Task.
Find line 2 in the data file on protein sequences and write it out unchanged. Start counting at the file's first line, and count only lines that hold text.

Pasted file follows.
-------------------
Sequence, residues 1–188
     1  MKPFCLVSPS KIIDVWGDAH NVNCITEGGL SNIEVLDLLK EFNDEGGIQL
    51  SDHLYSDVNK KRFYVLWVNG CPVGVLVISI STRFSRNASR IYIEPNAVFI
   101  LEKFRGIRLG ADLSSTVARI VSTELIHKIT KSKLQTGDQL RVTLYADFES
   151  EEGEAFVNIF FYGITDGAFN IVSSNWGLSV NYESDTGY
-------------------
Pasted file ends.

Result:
     1  MKPFCLVSPS KIIDVWGDAH NVNCITEGGL SNIEVLDLLK EFNDEGGIQL